Clinical experience with a new nitinol self-expanding stent in peripheral arteries

M. Henry, M. Amor, R. Beyar, I. Henry, J. M. Porte, B. Mentre, O. Tricoche, G. Ethevenot

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62 Scopus citations


Purpose: To evaluate a new self-expanding nitinol coil stent in stenotic or occluded peripheral arteries. Methods: Seventy-three symptomatic patients (58 men; mean age 67 years) were treated with nitinol stents for lesions in the iliac artery (9 stenoses); superficial femoral artery (SFA) (39 stenoses, 6 occlusions); popliteal artery and tibioperoneal trunk (9 stenoses, 7 occlusions); and 3 bypass grafts. Mean diameter stenosis was 84.4% ± 9.9% (range 75% to 100%), and mean lesion length was 45 ± 23 mm (range 20 to 120 mm). Results: Eighty eight 40-mm-long stents with diameters between 5 and 8 mm were implanted percutaneously for suboptimal dilation (n = 45); dissection (n = 21); and restenosis (n = 7). All stents but one were implanted successfully; the malpositioned stent was removed, and another stent was successfully deployed. There were 3 (4.1%) failures due to thrombosis at 24 hours. During the mean 16-month follow-up (range to 44 months), 4 restenoses (3 femoral, 1 popliteal) have occurred; 2 were treated with repeat dilation and 2 underwent bypass. Primary and secondary patency rates at 18 months were 87% and 90%, respectively, for all lesions (iliac: 100% for both; femoral: 85% and 88%; popliteal: 87% and 100%). Conclusions: This new nitinol stent seems to be safe and effective with favorable long-term results, even in distal SFA lesions and popliteal arteries. Its flexibility and resistance to external compression allow its placement in tortuous arteries and near joints.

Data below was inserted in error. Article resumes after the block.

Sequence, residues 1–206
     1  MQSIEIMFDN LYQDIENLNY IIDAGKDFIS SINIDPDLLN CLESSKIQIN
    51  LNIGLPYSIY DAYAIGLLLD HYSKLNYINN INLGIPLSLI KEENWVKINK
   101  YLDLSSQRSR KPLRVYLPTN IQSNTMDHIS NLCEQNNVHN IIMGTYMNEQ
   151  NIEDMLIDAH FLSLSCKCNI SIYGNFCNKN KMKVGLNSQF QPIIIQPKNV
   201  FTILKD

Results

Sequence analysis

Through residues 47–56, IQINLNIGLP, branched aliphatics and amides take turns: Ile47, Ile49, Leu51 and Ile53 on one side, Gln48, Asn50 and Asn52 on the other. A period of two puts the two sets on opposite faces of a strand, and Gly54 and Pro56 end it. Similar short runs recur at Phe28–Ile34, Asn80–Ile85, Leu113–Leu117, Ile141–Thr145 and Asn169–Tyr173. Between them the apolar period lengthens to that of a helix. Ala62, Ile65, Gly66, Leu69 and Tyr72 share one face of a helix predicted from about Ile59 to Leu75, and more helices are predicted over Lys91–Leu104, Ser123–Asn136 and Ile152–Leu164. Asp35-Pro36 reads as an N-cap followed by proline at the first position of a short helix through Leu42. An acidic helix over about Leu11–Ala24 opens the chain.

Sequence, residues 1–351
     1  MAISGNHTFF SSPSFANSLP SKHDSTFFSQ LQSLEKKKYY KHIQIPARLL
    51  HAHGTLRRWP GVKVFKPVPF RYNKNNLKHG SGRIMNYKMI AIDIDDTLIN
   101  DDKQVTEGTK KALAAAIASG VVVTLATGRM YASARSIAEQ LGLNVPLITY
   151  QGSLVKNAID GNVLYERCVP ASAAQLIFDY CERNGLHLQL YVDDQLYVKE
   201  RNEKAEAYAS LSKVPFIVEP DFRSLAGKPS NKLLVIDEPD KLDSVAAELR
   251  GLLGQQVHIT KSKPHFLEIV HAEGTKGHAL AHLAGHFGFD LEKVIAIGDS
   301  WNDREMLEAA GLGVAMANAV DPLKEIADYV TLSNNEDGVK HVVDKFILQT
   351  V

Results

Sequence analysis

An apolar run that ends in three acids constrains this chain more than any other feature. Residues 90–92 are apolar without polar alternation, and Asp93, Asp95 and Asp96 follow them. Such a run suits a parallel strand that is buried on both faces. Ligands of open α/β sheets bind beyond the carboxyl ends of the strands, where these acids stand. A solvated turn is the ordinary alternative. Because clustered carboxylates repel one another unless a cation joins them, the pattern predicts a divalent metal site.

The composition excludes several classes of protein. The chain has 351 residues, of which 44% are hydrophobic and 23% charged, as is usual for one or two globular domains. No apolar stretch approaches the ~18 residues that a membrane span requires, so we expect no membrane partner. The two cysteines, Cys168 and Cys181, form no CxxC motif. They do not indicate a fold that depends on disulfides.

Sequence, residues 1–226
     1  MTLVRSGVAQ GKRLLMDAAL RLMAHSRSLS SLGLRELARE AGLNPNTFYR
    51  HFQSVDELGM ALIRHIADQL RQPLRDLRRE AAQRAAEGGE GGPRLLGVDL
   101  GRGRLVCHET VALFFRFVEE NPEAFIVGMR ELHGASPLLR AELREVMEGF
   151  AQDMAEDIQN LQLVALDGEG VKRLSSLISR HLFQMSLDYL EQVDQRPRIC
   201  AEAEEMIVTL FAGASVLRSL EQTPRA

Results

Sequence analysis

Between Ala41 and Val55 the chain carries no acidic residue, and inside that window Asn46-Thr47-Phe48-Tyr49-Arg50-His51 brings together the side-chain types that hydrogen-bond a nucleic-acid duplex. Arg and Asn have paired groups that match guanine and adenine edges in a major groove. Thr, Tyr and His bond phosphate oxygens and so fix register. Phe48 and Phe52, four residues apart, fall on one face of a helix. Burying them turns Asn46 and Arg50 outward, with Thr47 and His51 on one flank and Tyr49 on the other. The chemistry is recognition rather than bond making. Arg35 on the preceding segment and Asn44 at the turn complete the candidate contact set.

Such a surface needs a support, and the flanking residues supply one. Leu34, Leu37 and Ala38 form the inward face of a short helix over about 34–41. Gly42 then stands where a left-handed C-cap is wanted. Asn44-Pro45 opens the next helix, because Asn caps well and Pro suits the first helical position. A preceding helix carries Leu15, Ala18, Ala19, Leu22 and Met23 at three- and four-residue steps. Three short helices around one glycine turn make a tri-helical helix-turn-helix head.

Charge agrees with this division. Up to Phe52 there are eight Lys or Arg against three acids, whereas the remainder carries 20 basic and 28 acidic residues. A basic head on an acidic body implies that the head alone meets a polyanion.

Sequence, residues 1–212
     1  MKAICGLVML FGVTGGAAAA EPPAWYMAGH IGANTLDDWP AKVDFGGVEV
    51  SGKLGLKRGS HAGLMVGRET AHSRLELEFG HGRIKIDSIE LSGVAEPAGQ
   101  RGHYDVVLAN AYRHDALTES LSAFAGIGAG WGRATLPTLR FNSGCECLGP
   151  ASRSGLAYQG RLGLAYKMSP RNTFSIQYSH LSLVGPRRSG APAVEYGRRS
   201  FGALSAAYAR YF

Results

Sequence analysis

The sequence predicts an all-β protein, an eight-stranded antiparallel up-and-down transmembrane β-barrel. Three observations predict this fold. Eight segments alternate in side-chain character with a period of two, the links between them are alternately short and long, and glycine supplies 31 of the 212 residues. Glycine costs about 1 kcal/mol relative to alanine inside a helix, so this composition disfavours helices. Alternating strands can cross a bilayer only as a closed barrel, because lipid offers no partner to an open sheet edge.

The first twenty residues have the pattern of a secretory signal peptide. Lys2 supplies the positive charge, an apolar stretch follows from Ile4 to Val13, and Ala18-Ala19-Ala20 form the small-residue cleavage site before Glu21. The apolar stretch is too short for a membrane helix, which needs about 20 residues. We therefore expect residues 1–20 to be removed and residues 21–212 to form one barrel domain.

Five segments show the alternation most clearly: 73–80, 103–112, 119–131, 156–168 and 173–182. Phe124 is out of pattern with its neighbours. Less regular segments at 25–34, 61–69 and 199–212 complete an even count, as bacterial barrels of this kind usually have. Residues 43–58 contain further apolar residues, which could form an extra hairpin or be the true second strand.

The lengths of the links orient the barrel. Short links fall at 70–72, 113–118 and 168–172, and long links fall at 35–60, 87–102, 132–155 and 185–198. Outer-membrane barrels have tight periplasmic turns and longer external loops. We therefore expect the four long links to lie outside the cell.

Original languageEnglish (US)
Pages (from-to)369-379
Number of pages11
JournalJournal of Endovascular Surgery
Issue number4
StatePublished - 1996
Externally publishedYes


  • balloon dilation
  • long-term results
  • peripheral angioplasty
  • peripheral vascular occlusive disease

ASJC Scopus subject areas

  • Cardiology and Cardiovascular Medicine


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